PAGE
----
The Great Chicago Fire wiped out over 17,000 structures. From the ashes, the city was reborn with architectural marvels unlike the world had ever seen. But it’s been nearly 150 years since that horizon-changing blaze, and many of those once-new buildings could now put you at risk.
A four-mile corridor of the city was reborn with thousands of new buildings made with higher-quality steel, safer elevators and new heights. While the designs may remain timeless, the construction materials do not. Chicago requires building owners to do their part in keeping the city safe through constant vigilance, but it’s not unusual for some structures to fall through the cracks and put you at risk.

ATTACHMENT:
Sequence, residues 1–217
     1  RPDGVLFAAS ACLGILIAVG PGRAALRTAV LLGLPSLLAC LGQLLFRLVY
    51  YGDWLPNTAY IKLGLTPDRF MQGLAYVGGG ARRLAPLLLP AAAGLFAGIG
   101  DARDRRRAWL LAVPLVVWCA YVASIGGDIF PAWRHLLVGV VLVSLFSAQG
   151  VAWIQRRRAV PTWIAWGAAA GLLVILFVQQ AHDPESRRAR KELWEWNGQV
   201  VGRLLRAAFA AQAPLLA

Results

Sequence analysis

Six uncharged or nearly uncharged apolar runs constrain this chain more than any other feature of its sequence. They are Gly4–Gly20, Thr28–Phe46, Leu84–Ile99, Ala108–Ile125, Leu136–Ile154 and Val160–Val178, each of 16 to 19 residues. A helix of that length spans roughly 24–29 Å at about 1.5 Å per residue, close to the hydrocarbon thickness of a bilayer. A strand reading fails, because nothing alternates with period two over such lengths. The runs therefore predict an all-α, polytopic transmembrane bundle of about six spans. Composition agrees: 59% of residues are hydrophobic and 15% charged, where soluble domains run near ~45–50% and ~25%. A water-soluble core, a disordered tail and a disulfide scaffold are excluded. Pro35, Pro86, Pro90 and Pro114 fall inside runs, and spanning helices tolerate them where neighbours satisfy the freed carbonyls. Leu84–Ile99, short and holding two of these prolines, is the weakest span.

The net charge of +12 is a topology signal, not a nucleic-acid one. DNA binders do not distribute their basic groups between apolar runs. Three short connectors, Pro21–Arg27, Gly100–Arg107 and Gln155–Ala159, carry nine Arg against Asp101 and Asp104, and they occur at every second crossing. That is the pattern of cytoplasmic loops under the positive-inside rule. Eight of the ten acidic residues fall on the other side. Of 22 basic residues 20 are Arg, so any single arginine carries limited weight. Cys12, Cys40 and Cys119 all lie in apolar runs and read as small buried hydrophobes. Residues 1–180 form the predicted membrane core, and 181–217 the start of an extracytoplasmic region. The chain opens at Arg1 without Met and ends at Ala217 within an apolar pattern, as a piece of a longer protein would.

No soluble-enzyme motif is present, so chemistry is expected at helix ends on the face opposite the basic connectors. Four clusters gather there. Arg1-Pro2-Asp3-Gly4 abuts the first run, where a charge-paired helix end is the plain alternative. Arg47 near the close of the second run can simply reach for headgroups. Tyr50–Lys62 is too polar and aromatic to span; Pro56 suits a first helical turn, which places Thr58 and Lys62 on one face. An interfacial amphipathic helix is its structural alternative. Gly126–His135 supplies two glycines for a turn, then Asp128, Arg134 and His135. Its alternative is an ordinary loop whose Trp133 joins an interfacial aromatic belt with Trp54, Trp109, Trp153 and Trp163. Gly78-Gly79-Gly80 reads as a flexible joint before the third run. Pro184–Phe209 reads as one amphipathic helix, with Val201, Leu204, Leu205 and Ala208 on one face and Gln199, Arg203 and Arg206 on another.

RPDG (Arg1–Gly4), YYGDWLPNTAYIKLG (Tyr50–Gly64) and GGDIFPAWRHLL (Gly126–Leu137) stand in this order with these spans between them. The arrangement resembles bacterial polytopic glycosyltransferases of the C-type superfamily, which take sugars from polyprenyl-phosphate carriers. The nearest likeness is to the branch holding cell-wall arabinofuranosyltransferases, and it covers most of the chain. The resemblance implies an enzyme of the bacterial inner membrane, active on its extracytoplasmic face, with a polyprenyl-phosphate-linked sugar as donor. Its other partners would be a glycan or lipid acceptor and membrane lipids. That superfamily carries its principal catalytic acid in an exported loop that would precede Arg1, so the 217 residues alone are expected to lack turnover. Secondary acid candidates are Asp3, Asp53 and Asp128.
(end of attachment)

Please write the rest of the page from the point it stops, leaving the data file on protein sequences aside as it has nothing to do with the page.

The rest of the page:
Elevators need an annual inspection by state-licensed companies to ensure safe day-to-day operation. On top of the review, elevators may also need to meet other permitting guidelines within the Chicago Building Code, like the multi-part Firefighters’ Emergency Operation requirements.
While the interior can see degrading over time, many building exteriors in the city have lived through well over a hundred harsh winters along Lake Michigan. Though made with revolutionary quality when constructed, time is not always kind to the metal structures inherent in most buildings. Inspections must be up to date on components that could fall victim to decay:
- Sign supports
- Flag poles
- Fire escapes
- Metal cornices
Deteriorating materials can quickly make for dangerous conditions. If you or a loved one has suffered an injury because of unsafe building conditions, you could have recourse for compensation. Make sure you know when a building owner hasn’t lived up to their responsibility, and you may be on your way to constructing a solid recovery claim.